Does U.S. Truly Want Cyber Peace?

Getting Warren Buffett on Board to Promote Cybersecurity
Does U.S. Truly Want Cyber Peace?
Jason Healey

The United States government does not want peace in cyberspace, contends cyber-conflict historian Jason Healey, a former White House cyber infrastructure protection director.

"We like the fact that it is a Wild West because it lets us do more attack and exploitation," says the director of cyber statecraft initiative at the Atlantic Council, a defense think tank.

In an interview with Information Security Media Group, conducted last week at the Black Hat USA security conference in Las Vegas, where Healey presented his ideas in a session titled Saving Cyberspace, he also discusses:

  • Getting stockholders to use their influence in getting top executives and board members to toughen their enterprises' cybersecurity. "If I were advising the president, and this is a little tongue-in-check, I'd get Warren Buffett on board."
  • Defining the national Internet policy to emphasize economic benefits it brings. "Internet is the actual engine of the U.S. economy; it is the engine, frankly, of our civilization increasingly. And, you know, in Washington, D.C., our conversation is about whether cyber is the domain of warfare [and] it's a global commons. We've got to completely separate it from this militarized policy that cyber is now something different than Internet policy. And ... cyber is winning at the expense of Internet policy."
  • The uphill challenges facing cyber defenders in preventing more damaging attacks. "It's getting ever-more complex; the offense has had the advantage for over 35 years. Everything I have heard so far at Black Hat is that that trend is only getting worse."

Militarizing Cybersecurity

Healey says the United States has been taking nearly every negative trend that it dislikes on the Internet and exploiting it.

"Espionage, spying, militarizing, using cyber-capabilities -- we've been leading all that effort," says Healey, editor of A Fierce Domain: Conflict in Cyberspace, 1986 to 2012, published last year by the Cyber Conflict Studies Association. "We gotten ourselves in a place where now that's the primary priority, even if we don't mean it to be, the direction the money is flowing, the direction of the power, the direction of the bureaucratic oomph."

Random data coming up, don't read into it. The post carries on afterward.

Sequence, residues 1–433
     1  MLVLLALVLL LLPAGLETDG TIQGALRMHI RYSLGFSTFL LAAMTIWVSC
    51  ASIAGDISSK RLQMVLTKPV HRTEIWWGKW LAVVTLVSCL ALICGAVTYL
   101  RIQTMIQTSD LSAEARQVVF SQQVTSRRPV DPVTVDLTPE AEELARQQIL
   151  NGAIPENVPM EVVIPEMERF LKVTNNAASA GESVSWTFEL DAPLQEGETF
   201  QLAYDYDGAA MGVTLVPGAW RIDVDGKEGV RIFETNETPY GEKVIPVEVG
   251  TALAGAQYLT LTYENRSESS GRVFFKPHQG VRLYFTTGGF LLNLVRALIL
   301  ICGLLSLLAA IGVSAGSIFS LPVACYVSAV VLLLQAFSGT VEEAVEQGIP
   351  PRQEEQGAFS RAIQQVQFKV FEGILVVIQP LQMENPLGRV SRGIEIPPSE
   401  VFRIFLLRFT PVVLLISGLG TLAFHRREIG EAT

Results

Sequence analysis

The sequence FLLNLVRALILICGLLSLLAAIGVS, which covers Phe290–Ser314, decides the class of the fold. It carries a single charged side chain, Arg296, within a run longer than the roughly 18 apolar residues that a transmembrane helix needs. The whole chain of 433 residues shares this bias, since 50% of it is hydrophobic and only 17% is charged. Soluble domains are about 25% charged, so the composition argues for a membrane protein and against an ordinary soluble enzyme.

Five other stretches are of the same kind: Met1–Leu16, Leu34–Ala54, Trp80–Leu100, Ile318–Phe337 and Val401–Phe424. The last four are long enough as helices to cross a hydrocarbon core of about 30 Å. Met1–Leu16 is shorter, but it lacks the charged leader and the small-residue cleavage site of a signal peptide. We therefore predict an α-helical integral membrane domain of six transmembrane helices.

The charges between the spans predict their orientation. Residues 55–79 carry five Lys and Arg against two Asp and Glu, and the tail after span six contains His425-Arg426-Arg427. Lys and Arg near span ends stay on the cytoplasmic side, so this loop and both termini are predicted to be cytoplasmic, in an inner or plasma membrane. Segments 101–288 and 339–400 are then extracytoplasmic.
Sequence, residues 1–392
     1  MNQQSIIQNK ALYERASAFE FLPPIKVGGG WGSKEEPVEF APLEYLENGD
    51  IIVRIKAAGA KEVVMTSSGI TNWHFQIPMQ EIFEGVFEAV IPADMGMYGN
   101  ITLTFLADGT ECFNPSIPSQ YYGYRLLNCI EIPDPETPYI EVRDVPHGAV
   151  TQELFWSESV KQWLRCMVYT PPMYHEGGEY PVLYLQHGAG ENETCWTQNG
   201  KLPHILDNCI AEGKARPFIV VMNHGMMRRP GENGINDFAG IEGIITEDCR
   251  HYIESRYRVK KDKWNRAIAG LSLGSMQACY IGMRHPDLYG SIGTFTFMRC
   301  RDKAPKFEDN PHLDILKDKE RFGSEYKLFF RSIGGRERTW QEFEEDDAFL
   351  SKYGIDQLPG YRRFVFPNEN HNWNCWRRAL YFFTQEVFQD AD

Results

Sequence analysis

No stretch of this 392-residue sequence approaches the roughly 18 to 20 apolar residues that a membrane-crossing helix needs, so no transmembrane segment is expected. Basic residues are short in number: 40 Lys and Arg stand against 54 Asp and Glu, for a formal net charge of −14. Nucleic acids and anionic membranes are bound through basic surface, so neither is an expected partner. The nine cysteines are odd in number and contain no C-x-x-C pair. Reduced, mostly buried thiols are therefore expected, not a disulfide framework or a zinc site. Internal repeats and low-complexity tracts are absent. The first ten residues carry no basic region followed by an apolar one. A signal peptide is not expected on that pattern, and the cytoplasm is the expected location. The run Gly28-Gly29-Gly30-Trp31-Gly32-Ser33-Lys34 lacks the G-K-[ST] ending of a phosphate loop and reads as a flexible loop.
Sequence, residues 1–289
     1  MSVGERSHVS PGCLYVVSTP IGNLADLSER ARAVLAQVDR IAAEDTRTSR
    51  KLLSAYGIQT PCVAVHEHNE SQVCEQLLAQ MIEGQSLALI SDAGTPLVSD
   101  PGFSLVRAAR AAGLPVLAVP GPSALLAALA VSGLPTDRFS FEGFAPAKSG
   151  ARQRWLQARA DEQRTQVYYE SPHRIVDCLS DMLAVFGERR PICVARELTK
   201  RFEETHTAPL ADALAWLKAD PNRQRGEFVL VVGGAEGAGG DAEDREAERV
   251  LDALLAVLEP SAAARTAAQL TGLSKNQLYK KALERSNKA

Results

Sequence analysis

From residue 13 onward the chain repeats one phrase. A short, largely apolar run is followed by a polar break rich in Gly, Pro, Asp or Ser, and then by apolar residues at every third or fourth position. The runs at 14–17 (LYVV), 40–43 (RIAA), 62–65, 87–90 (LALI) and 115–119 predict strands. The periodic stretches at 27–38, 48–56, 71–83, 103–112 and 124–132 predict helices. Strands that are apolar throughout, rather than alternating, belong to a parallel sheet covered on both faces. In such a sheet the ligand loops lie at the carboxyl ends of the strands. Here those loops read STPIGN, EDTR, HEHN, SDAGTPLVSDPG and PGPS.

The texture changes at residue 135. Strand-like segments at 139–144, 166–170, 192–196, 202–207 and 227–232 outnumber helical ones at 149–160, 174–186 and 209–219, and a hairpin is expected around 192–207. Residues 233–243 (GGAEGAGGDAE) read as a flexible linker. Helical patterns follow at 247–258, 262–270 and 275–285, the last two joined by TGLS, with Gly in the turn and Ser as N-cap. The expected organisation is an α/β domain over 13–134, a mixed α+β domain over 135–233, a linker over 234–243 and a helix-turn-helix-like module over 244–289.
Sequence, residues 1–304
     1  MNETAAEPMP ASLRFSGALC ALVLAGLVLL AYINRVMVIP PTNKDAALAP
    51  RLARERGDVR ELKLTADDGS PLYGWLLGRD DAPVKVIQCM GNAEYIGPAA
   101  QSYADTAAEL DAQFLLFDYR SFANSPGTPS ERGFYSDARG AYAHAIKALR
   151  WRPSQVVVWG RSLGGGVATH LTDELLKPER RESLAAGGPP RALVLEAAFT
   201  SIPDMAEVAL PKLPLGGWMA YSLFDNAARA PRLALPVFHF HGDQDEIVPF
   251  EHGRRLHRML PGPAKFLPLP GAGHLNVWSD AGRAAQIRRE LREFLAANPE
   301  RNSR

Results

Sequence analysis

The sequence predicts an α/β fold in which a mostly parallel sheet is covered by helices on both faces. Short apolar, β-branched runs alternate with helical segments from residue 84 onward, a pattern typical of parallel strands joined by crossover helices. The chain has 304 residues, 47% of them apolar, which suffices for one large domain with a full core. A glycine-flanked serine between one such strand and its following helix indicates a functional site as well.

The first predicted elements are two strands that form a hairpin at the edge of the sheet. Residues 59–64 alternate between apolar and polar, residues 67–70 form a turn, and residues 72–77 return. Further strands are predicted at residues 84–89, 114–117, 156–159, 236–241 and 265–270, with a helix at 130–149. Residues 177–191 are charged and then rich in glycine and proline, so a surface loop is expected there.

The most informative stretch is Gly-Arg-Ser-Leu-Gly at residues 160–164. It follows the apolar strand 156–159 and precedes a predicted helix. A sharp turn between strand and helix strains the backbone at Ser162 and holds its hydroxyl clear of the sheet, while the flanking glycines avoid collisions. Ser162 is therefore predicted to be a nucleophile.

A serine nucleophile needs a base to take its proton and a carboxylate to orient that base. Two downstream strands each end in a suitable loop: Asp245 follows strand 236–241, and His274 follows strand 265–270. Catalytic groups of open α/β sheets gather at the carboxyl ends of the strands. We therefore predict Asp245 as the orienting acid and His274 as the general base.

Healey contends the United States government has three sets of Internet-related policies, embodied by 1) the National Security Agency and United States Cyber Command, both Defense Department units are based in Fort Mead, Md., and focused on defending military system; 2) Commerce Department, concentrated on wide-band Internet access and ICAAN, which governs Internet domains worldwide; and 3) State Department, dealing with Internet freedom. And, he says, that's three too many.

"If you have three sets of priorities, you can't play them against one another. And where they compete, it makes it difficult to say here's the one that should be the real priority," he says. "So, we let the NSA priorities, the Fort Meade, the military priorities, intelligence priorities dominate. If you talk about national security in cyber, in Washington, D.C., you don't mean the future prosperity of the American economy, upon which we are completely dependent; you mean more computer network attack and exploitation in an increasing degree and tone."

In an interview last year with ISMG, Healey expressed concerns about the United States overacting to alleged Iranian DDoS attacks by responding with Stuxnet-like assaults [see Confronting Iran as a Cyber-Adversary].

Healey also co-authored the book Cybersecurity Policy Guidebook, published by Wiley. As director for cyber infrastructure protection at the White House from 2003 to 2005, he coordinated efforts to secure American cyberspace and critical infrastructure.

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